Let’s get serious about (Un)Sustainability (Or is it already too late?)

Rees, William E.
Natural Resources & Environmental Studies Institute Occasional Paper No. 2, March 2008, University of Northern Prince George, B.C., Canada

The Millenium Ecosystem Assessment (2005) issued a “stark warning” to world leaders – indeed, to all of us: “Human activity is putting such a strain on the natural functions of the Earth that the ability of the planet’s ecosystems to sustain future generations can no longer be taken for granted.” In this paper I examine the biological, cultural and biophysical factors that have driven modern society to the point where such “stark warnings” have become necessary. I then show why concepts and policies currently advanced under the rubric of “sustainable development” are so generally ineffective. Finally, consistent with biophysical and human behavioural reality, I outline a minimal set of ecological and socio-political conditions that would have to be met for true sustainability.

The Transformation from a Land Based to a Fossil Fuel Based Energy System. The Case of Austria 1800-2000.

Krausmann, Fridolin
Presentation at the Gordon Research Conference on Industrial Ecology. 01-06 August 2004, Oxford, UK.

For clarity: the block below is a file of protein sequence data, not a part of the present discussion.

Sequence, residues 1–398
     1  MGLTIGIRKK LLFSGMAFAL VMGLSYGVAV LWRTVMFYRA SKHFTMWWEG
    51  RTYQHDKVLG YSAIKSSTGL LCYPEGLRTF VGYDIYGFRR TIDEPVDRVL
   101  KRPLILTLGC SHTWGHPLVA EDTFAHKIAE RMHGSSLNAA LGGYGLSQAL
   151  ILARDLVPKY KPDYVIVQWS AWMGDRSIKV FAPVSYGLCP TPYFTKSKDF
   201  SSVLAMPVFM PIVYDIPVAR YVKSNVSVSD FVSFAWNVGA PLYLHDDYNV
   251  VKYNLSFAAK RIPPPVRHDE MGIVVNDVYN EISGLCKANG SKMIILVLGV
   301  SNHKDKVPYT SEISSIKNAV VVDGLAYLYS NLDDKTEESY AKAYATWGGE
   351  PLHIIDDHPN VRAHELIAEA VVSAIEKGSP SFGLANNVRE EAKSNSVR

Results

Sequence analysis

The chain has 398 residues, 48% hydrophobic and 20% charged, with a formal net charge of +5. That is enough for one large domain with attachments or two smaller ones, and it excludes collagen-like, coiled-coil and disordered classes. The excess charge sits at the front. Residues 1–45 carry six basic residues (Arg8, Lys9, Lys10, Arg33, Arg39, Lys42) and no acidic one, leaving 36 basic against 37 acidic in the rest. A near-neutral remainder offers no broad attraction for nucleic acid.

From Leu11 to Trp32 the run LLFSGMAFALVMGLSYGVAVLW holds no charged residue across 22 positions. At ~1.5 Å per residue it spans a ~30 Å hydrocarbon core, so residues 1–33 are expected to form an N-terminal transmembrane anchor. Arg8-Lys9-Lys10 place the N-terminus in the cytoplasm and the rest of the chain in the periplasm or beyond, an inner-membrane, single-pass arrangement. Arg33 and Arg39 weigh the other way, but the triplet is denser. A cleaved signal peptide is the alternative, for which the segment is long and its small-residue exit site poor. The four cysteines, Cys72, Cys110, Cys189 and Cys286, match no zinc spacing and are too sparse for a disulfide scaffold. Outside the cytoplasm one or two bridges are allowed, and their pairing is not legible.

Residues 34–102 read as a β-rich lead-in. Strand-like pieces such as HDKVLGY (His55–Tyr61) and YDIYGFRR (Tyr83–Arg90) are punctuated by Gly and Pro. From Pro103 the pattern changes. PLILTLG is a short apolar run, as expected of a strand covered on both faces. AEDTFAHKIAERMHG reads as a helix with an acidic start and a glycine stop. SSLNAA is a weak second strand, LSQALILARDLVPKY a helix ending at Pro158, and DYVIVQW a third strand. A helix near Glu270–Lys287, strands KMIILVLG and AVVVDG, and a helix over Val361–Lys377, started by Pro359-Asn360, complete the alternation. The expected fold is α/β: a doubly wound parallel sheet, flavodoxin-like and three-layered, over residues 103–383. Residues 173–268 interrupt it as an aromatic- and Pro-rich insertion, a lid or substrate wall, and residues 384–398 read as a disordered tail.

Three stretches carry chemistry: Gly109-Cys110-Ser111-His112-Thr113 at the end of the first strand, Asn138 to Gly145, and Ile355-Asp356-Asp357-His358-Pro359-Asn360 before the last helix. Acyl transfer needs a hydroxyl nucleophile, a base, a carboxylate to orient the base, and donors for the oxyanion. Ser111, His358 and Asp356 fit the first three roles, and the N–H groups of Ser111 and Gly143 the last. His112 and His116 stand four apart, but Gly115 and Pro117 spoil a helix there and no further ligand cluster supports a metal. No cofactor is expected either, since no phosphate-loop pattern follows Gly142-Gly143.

This contribution provides a socio-ecological and empirically founded perspective on the period of industrialization, focussing on the biophysical characteristics of this process. The paper explores the physical limits of growth under the conditions of the agrarian socio-ecological regime where the availability of energy was based on biomass and land, and explores the mechanisms and strategies which allowed overcoming these limits during two centuries of industrialization. In this perspective, industrialization appears as a process of a stepwise decoupling of energy provision from the use of land and labour, based on a gradual shift towards the exploitation of natural stocks rather than tapping renewable energy flows. Austria, one of the European late comers, serves as empirical case study for an analysis of changes in the socio-economic use of energy, materials and land since the early 19th century. This analysis provides insights into the characteristics of the transformation of the agrarian socio-ecological regime and the fundamental changes in social metabolism and human interference with natural systems triggered by this process.